NewsPublic Affairs / January 29, 2019

Indiana Teachers Can't Strike, Considering Other Action To Get Pay Increase

Indiana State Teachers Association President Teresa Meredith says the governor and legislators have indicated a willingness to make progress on teacher pay and benefits. - Steve Burns/WFIU-WTIU

Indiana State Teachers Association President Teresa Meredith says the governor and legislators have indicated a willingness to make progress on teacher pay and benefits.

Steve Burns/WFIU-WTIU

The president of Indiana’s largest teacher’s union says they’re waiting to see what lawmakers do before deciding whether to take more serious action.

Indiana State Teachers Association President Teresa Meredith says the governor and legislators have indicated a willingness to make progress on teacher pay and benefits. Striking is illegal for all public employees in Indiana, including teachers.

But Meredith says it doesn’t mean teachers won’t take action if needed.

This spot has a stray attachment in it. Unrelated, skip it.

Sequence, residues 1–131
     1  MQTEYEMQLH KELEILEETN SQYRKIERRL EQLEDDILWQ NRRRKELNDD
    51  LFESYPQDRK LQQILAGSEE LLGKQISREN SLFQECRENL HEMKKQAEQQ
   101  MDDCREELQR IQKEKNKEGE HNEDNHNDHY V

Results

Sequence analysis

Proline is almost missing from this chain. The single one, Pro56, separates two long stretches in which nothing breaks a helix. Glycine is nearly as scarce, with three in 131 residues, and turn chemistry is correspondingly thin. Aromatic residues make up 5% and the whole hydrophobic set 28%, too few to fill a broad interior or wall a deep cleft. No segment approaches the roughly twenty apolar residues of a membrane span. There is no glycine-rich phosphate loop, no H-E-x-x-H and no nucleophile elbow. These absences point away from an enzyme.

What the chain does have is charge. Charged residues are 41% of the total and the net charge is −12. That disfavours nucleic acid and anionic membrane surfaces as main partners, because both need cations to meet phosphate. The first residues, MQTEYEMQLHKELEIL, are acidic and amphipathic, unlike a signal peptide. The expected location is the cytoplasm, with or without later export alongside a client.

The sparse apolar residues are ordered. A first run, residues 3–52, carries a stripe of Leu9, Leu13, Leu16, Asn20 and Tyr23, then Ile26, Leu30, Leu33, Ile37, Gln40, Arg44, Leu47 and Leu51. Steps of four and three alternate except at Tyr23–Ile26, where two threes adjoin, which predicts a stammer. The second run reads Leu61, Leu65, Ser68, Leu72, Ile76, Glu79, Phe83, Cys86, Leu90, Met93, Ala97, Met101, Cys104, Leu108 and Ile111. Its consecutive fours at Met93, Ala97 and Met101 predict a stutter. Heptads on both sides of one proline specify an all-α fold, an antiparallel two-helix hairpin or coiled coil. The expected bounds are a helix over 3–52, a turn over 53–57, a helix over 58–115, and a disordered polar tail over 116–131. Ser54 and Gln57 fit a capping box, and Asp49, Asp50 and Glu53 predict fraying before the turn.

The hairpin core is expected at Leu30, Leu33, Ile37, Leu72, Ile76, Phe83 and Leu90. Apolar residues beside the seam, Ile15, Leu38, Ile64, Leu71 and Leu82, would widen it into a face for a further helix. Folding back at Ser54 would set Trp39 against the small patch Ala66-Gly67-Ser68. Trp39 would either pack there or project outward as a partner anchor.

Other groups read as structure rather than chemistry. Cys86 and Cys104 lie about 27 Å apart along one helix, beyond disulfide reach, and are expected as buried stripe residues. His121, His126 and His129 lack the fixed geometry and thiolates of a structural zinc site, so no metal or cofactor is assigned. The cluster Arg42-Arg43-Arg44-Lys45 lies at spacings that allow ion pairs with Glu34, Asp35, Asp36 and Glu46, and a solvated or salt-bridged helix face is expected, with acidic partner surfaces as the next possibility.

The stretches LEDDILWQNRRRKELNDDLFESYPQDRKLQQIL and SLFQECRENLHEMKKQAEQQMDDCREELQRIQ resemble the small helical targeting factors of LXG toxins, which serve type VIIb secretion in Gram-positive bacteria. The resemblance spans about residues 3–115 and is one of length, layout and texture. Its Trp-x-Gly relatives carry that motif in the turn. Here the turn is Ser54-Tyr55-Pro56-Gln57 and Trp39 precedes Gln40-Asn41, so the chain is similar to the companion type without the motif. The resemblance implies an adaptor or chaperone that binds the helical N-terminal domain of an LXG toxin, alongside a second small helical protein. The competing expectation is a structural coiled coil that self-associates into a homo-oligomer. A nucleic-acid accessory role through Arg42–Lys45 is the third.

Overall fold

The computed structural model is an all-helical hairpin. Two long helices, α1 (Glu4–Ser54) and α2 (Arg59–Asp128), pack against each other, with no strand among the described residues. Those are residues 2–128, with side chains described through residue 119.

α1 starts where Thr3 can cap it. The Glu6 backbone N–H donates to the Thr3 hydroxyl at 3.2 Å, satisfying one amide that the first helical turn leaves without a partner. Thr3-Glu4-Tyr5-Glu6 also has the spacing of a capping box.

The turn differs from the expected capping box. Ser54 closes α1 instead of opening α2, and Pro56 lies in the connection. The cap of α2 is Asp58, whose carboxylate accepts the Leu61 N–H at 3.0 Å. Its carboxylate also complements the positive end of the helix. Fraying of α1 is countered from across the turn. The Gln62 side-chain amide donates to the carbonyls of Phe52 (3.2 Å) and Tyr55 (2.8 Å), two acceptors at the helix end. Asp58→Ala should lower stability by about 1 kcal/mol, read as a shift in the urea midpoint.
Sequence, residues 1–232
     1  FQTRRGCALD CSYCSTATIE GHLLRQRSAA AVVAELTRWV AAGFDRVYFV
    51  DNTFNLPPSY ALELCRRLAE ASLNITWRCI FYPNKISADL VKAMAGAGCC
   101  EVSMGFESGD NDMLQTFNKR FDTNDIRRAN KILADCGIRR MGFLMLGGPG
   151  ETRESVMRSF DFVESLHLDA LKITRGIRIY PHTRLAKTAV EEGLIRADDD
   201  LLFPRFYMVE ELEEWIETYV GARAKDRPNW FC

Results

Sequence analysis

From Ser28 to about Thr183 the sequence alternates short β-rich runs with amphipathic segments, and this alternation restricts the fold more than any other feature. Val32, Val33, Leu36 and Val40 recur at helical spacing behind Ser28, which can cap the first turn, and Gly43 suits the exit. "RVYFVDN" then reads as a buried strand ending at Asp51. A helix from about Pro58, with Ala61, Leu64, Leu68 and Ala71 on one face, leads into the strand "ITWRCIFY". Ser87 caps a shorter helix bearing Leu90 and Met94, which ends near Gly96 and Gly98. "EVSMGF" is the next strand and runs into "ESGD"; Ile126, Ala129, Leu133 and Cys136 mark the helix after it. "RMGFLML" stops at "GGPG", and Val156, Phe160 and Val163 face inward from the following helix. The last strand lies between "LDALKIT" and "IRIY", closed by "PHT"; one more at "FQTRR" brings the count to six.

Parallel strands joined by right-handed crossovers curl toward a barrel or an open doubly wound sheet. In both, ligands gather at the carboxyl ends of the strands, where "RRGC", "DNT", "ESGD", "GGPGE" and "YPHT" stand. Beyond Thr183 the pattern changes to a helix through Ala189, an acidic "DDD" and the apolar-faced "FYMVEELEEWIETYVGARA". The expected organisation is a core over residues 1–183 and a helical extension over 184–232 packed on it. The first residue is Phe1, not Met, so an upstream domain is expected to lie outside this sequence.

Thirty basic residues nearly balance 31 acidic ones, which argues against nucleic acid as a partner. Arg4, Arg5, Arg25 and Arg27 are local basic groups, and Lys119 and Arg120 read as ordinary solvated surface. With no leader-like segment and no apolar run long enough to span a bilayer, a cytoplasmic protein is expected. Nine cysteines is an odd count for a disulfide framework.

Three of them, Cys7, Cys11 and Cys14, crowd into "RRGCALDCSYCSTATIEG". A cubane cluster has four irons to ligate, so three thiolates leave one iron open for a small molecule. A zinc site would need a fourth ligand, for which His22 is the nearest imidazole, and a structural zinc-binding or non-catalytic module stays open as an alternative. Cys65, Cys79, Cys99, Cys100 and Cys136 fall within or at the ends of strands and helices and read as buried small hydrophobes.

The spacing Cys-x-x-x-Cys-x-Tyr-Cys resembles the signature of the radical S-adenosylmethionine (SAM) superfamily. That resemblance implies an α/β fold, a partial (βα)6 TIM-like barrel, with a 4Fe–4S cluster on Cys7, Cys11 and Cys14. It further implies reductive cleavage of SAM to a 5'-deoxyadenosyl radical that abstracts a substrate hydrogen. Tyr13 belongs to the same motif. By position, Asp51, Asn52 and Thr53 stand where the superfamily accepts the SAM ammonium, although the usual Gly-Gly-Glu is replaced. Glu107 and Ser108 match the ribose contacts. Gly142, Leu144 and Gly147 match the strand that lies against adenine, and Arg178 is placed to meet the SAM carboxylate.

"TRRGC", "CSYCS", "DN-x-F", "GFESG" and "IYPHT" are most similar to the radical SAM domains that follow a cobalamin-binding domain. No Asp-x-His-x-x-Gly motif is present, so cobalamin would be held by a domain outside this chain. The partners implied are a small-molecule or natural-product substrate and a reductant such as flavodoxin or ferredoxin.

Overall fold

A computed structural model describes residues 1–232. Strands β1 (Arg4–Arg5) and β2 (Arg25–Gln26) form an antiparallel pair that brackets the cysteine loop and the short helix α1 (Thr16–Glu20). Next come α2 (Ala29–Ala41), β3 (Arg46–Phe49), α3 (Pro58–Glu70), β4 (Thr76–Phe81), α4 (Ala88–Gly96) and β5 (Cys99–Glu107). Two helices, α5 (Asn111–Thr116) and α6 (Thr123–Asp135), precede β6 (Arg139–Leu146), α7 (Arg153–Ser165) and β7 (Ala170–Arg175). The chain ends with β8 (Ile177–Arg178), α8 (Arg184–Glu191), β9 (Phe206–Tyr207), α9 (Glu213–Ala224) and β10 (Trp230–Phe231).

“If they do take off the table the things that they had put on the table, then it would certainly be time to regroup," she says.

Meredith says ISTA is planning a weekend rally during the middle of the legislative session.

Recently, teachers in Los Angeles County walked out of schools and protested for six days before reaching an agreement that included a 6 percent pay raise and funds for classroom support staff.

Meredith says Indiana teachers are seeking some of the same terms.

“This is not just about money, this is also about the conditions in which our students learn," she says.

IU Professor of Labor and Employment Law Kenneth Dau-Schmidt says Indiana has lower per-pupil funding than some of the states that saw strikes. He says that’s an example of something that can drive teachers to take action – even in states where striking is illegal, like Indiana.

“When the problem gets too bad, the economics of the situation tend to govern," he says.

In this year’s State of the State address, Gov. Eric Holcomb proposed using money from the state’s surplus fund to pay off the teacher pension fund – something that could allow schools to spend that money on raising teacher salaries instead.

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